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Playa Vista Residents Evacuated in Methane Scare

Times Staff Writer

More than 100 residents of an apartment complex at the Playa Vista development near Marina del Rey were evacuated early Sunday after a methane alarm sounded.

Los Angeles Fire Department officials said it was a false alarm, and Playa Vista representatives said they suspect that a janitorial crew inadvertently tripped a methane detector.

The evacuation rattled tenants at the project, which is built atop an unknown amount of methane. A naturally occurring gas, methane is odorless and nontoxic, but it can explode if it builds to a high enough volume in a contained space and is exposed to heat.

Representatives of the developer said they believe that workers spraying a cleaning solvent near the detector might have caused the malfunction.

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One tenant who asked not to be named said she had been awakened by a firefighter who rang her doorbell at the Fountain Park Apartments near Lincoln Boulevard. She said he told her that high levels of methane had been detected, and that residents were being evacuated to a grassy area outside. While they were outside, firefighters warned the tenants not to start their cars, for fear that an auto ignition could spark an explosion.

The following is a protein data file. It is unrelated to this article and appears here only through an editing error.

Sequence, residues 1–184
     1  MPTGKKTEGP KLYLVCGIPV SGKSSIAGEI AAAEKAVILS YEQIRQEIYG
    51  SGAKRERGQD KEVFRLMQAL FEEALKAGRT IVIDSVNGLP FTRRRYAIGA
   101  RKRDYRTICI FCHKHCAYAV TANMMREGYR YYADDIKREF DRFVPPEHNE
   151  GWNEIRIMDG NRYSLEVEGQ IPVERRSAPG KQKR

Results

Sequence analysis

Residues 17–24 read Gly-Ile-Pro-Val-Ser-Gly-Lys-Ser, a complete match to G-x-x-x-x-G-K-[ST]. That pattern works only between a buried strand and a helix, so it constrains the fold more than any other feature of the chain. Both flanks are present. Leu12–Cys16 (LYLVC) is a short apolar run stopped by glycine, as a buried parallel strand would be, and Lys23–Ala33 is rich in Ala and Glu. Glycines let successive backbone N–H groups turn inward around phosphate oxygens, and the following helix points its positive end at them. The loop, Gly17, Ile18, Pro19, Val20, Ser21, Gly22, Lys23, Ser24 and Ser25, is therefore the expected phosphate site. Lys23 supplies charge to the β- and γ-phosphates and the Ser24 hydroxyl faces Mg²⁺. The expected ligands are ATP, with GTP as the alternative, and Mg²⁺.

Fire Capt. Joe Teijeira said five four-person companies, a battalion commander and a hazardous materials squad responded to the alarm, which went off in three of the complex’s five buildings. Fire officials ordered all buildings evacuated as a precaution. “It was a false alarm,” Teijeira said. “It was a nothing deal.” Readings taken by the hazardous materials squad were all negative, he said.

The methane detector triggered not only an audible alarm but also flashing lights.

Playa Vista spokesman Steve Sugerman said the alarm appeared to be “the result of a malfunction that they think was caused by a cleaner.” He said follow-up measurements showed zero percent methane “for every sensor across all buildings.”

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The Fountain Park tenant said evacuation from the apartments had become “all too familiar.” For the first few months she lived there, starting in June, residents were roused several times by fire alarms, all of them false.

In response to community concerns about underground methane, Playa Vista’s developers agreed to install an unprecedented array of safety measures. In addition to sensors and alarms, there are underground barriers, vent pipes and fans.

Playa Vista detractors contend that the systems are unproven and could fail.


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